49Strong vs. Concentrated How can we differentiate between strong and concentrated solutions?Define concentrationHow do we express concentration of a solution?
50MolarityMolarity (symbol M) expresses concentration of solution (number of moles solute in a liter of solution)Calculate the molarity of a solution made by dissolving 23.4 grams of sodium sulfate in enough water to form 125 mL of solution.
51Practice ProblemsCalculate the molarity of a solution made by dissolving 5.00 grams of glucose in sufficient water to form exactly 100 mL of solution.Calculate the number of grams of solute in L of M KBr.
52Expressing concentration of an electrolyte When an ionic compound dissolves, the relative concentration of ions depend on the chemical formula of a compound.In a 1.0 M solution of NaCl, what are the concentration of Na+ ions and Cl- ions?In a 1.0 M solution of Na2SO4, what are the concentrations of the Na+ ions and the SO42- ions?
53Practice!What is the molar concentration of K+ ions in a M solution of potassium carbonate?Which will have the greatest concentration of potassium ion: 0.20 M KCl, 0.15 M K2CrO4, or M K3PO4?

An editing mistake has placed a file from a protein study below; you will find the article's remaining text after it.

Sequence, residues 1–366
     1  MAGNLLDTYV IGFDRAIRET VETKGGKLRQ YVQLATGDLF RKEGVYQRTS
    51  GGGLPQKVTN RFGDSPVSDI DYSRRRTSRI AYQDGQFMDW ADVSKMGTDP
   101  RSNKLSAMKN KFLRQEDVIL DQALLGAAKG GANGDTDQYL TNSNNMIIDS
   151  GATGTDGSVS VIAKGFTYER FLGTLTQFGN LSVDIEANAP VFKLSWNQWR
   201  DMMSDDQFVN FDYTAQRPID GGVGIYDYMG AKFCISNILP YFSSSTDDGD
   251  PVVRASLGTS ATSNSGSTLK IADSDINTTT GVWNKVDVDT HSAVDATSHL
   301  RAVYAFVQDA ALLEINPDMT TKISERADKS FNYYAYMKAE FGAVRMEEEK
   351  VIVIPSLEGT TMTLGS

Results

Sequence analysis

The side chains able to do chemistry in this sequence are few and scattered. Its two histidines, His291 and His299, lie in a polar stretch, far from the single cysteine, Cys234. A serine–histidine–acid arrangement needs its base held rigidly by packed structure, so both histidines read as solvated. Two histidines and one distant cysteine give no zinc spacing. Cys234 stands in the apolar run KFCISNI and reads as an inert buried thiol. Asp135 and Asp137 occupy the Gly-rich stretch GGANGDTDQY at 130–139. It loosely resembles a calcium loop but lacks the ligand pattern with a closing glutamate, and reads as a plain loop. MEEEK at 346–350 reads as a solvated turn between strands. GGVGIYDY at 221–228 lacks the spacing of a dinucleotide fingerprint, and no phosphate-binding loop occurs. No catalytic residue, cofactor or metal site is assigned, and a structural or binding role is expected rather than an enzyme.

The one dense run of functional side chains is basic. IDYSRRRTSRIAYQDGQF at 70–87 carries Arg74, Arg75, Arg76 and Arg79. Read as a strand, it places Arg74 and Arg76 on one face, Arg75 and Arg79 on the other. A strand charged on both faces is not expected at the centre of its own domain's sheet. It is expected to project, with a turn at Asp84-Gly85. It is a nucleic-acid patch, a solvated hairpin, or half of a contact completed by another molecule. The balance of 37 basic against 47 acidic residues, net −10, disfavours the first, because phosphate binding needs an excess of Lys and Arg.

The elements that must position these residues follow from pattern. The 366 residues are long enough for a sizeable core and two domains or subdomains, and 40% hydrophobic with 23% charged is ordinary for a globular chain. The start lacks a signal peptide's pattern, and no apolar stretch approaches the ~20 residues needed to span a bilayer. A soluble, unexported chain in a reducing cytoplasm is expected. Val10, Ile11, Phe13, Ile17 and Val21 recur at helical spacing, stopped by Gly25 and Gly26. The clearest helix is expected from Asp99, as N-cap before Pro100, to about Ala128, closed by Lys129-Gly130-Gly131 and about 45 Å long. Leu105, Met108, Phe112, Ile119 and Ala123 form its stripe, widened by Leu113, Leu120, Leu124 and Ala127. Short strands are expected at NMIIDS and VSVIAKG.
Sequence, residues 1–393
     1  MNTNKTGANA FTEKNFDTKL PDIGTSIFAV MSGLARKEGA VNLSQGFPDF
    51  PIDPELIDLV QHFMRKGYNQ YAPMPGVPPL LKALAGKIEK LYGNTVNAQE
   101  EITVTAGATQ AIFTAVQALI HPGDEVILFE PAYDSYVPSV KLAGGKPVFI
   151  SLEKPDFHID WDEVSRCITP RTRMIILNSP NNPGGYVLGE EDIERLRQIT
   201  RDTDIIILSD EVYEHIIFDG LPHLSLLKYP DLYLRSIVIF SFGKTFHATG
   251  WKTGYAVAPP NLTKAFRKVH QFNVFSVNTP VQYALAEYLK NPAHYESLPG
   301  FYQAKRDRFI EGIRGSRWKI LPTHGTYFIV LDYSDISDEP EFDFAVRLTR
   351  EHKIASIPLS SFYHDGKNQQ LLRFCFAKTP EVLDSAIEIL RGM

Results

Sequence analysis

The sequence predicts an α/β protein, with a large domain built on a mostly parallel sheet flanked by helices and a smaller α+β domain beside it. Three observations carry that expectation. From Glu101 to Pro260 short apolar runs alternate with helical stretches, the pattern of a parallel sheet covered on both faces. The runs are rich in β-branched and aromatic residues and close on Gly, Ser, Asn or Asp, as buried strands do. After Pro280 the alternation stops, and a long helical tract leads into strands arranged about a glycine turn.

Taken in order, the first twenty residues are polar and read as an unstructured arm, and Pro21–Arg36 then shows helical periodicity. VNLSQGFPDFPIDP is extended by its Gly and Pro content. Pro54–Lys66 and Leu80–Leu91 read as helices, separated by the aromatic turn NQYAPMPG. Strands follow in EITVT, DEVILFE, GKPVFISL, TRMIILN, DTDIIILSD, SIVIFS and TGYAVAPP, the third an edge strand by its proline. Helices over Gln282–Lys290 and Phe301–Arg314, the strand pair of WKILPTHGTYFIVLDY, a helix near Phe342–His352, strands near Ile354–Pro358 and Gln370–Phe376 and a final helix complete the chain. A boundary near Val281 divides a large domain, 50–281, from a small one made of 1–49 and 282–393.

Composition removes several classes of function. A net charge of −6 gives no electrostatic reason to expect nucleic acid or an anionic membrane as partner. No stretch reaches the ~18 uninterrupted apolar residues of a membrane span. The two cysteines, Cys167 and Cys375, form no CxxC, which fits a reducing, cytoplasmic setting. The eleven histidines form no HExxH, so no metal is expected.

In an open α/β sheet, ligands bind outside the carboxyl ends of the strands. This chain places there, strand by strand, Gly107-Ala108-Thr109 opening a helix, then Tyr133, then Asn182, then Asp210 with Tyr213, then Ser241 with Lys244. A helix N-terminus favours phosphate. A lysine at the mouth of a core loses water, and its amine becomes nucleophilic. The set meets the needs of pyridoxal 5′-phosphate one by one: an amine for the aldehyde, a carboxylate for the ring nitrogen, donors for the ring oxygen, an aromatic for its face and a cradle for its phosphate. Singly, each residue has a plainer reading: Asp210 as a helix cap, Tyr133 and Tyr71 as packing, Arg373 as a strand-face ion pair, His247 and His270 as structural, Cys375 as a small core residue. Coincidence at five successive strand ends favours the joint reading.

54Interconverting Molarity, Moles, and Volume If we know any two quantities involved in the molarity equation, we can solve for the third.Calculate the number of moles of HNO3 in 2.O L of a M HNO3 solution.
55Moles solute in conc soln = moles dolute in dil solution DilutionHow do we dilute solutions?Moles solute in conc soln = moles dolute in dil solutionWe want to prepare mL (convert to L) of M CuSO4 solution by diluting a stock solution containing 1.00 M CuSO4. How many mL of concentration solution do we need?
56October 26th, 2012Do Now:How many milliliters of 3.0 M H2SO4 are needed to make 450 mL of 0.10 M H2SO4?What volume of 2.50 M lead (II) nitrate solution contains mol of Pb2+ ions?
57Solution stoichiometry Two types of units exist:Laboratory Units:Chemical Units:How do you think these differ?
58Always convert laboratory units into chemical units first. Grams moles using molar massVolume/molarity moles using M= mol/LUse Stoich. Coefficients to move between products and reactants.Convert lab units back into required units
59Titrations Why do we use titrations? How are titrations helpful in determining concentration?
60ExampleSuppose we know the molarity of an NaOH solution and we want to find the molarity of a given HCl solution.What do we already know?What do we want to know?How do we get there?How do we know when they are neutralized?Define Equivalence Point.After the titration is complete, how can we now solve for the molarity?
61PracticeWhat mass of NaCl is needed to precipitate the silver ions from a 20.0 mL of M AgNO3 solution?How many mL of M HCl are needed to completely neutralize 50.0 mL of M Ba(OH)2 solution?If 42.7 mL of M HCl solution is needed to neutralize a solution of Ca(OH)2, how many grams of Ca(OH)2 must be in the solution?